(Reuters) – New York state’s pension fund has cut its so-called fund of funds investments to about $500 million from $5 billion since January 2008, after deciding direct investments were preferable, a spokesman said Tuesday.
Fund of funds invest money in hedge funds on behalf of their investors, and they helped the state gain access to “blue chip” funds when former Comptroller Alan Hevesi began using them in 2005, said Robert Whalen, a spokesman for the current Comptroller Thomas DiNapoli.
DiNapoli determined after a review that the strategy of investing in 184 funds through 7 fund of funds was “suboptimal” due to redundant investments, unwanted correlations between the funds’ results and the stock market’s performance, and costly fees, Whalen explained.
Clipping some of these fund managers has a side benefit. Placement agents who have been hired by them and who have been swept up in the state attorney general’s pension kickback probe can no longer collect ongoing fees.
For example, former hedge fund manager Barrett Wissman, the first of two individuals to plead guilty in Democratic Attorney General Andrew Cuomo’s kickback investigation, was formerly associated with Texas-based Hunt Financial Ventures.
New York’s pension fund invested a total of $100 million with Hunt Financial Ventures, which only produced a $7 million return from January 2005 to December 31, 2007, when the investment was ended, according to the comptroller’s data.
The fund of funds largely are being replaced by the comptroller’s staff, though they will still use fund of funds on occasion, the spokesman said. The pension fund, which has declined about 25 percent since its official value was last pegged at $122 billion, now has about $3 billion of hedge fund investments.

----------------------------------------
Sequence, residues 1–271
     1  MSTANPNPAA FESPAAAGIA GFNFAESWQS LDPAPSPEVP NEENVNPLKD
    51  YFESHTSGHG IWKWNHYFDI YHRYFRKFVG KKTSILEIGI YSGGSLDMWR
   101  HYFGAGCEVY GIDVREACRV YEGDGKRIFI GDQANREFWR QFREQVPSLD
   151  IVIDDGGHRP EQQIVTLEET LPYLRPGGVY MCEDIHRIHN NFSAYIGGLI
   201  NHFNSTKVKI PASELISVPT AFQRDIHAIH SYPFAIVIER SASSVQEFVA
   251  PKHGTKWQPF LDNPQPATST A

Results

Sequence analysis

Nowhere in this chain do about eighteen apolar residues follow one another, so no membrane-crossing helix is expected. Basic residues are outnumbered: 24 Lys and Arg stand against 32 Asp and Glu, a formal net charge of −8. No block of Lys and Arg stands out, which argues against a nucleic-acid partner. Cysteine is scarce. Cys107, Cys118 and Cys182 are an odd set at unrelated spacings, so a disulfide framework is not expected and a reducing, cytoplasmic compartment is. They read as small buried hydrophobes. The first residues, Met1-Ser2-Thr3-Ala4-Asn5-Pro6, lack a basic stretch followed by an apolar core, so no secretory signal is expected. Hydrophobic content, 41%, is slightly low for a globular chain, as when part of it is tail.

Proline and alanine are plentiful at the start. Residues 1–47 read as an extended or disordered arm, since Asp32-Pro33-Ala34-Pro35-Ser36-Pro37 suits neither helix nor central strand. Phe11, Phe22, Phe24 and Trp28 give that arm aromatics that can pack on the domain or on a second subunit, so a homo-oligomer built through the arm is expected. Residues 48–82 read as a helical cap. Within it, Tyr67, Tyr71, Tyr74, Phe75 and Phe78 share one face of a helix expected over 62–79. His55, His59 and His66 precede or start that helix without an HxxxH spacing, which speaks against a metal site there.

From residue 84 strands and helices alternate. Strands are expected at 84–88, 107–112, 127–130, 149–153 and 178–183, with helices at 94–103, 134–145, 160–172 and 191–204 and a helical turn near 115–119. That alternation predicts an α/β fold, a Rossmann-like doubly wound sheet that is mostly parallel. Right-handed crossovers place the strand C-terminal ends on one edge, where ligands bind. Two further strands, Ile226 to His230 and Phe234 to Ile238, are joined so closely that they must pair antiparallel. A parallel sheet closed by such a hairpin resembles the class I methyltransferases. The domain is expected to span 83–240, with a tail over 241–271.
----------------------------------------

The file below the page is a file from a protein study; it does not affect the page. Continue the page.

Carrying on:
DiNapoli is still reviewing all transactions that took place under former state comptroller Alan Hevesi, a list that includes private equity funds. The spokesman said the review includes issues like conduct: “Are their hands clean, was there some measure of culpability?”
Both New York state and New York City’s pension funds voted to block new capital investments with private equity firm Quadrangle due to its ties to the pension probe, but were overruled by other investors. For more details, please see: [ID:nN24449787].
The pension has not yet decided if it will exit its Quadrangle investment, the state comptroller’s spokesman said.
Other hedge funds DiNapoli axed that also have links to Cuomo’s probe include Memphis-based Consulting Services Group and Pequot Capital Management.
The fund of funds the state pension fund still has the biggest stakes in are Ramius Advisors, LLC and Mezzacappa Management, LLC. “We’re going down to zero,” the spokesman said, noting it takes time to whittle down the existing stakes.
(Reporting by Joan Gralla; Editing by Chizu Nomiyama)